From Gigi!!!!

I'm so sorry Anna .... I have edited your post by mistake ... my answer to your question appears further down the page.

Must've hit the edit button instead of the quote button. My apologies. If you would like to resubmit your post Please do.
 

ginlay

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I don't mean for this to sound snippy, but I NEVER said that I heat to cure. Read it closely and you'll see that I only use the heating pad or hair dryer to warm the hands BEFORE applying the product. I hope this is not taken the wrong way but I don't want my advice turning into something that I didn't say. I always remove it (heating pad)from the table when applying. it is an electrical appliance and it is not wise to use it when using liquids let alone something that is flammable. Thanks for allowing the clarification. ~Ginger
 

Lellipop

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Hi, After reading your posting ginger, I still agree with Geeg, that even if you only use a heat source to warm the hands prior to applying the L&P, Its still wasting time that could be more wisely spent.
I think that if your using a good quality product and your ratio mix is right you should not have any problems.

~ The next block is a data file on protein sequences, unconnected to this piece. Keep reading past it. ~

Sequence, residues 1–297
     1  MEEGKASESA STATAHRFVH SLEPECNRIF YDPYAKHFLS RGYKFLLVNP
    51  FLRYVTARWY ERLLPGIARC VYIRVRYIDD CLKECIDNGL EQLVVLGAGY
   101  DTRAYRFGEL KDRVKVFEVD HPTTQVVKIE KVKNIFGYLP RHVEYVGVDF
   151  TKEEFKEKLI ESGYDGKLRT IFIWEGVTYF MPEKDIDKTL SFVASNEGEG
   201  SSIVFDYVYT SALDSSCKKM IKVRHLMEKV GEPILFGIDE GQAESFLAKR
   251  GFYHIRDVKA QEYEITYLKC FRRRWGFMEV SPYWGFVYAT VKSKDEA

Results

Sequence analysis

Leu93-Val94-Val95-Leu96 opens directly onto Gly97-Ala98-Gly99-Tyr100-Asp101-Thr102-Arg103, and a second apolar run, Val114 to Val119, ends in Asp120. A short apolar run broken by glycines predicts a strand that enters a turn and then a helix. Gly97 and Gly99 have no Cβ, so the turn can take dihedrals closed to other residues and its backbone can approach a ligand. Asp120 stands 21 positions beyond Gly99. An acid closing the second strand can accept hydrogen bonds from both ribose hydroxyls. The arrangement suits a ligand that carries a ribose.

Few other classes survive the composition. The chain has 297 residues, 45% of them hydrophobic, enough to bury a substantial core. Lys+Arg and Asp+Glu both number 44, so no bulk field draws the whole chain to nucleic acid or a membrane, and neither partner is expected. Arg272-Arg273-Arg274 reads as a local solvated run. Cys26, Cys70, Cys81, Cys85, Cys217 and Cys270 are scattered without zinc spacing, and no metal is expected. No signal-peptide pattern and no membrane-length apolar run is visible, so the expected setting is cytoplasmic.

geeg

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....i put a thin layer of EZ flow L&P over a gel nail and it did crystallize on me...maybe Geeg would know why that happened....

You may have been seeing the 'sugared' effect (that looks to the eye like crystallization, but is not caused by the cold).

'Sugaring' as I call it, is caused by rapid evaporation of the liquid from the polymer ... this can occur as a result of several causes ... too wet a mix as well as being in a draft of some kind. the draft could be anything from a breeze to a fan to an air conditioner even in a very warm room. But the two things (wet mix and draft) have to be present at the same time.

Unlike crystallization caused by the cold, the sugaring effect is usually only on the surface and could be buffed away without a problem BUT if the layer you did was only very thin in the first place, then it could have gone all the way through the layer.

If the right circumstances are present, this problem can also occur with Creative products. Usually it is rare though that the 2 things happen at once to cause the problem.
 

amberrowlands

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i don't have a problem with crystillization or sugaring, but i do get clients to warm hands up when very cold as i find it slows my application of acrylic.

after reading messages not sure if this is a bad thing to do! should i just to stick to faster drying acrylics?

ta to anyone who offers advice.

Amberx
 

geeg

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There is nothing wrong with warming a client's hands prior to or during application.